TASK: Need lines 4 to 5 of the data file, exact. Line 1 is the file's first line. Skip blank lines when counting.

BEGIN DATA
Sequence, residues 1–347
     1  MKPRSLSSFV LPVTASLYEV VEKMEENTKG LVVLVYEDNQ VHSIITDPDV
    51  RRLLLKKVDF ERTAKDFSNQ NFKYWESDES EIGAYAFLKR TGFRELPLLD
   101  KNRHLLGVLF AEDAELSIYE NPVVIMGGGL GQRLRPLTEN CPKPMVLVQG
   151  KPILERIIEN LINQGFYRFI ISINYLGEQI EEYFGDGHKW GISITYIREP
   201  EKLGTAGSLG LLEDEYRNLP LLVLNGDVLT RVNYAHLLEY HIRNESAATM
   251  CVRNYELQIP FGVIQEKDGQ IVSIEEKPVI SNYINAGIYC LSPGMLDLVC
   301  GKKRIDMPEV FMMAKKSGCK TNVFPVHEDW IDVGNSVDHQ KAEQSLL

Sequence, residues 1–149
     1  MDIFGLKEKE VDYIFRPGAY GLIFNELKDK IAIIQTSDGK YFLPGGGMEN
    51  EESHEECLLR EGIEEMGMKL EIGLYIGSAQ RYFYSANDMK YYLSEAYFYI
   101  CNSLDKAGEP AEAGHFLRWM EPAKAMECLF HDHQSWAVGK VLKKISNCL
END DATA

   101  KNRHLLGVLF AEDAELSIYE NPVVIMGGGL GQRLRPLTEN CPKPMVLVQG
   151  KPILERIIEN LINQGFYRFI ISINYLGEQI EEYFGDGHKW GISITYIREP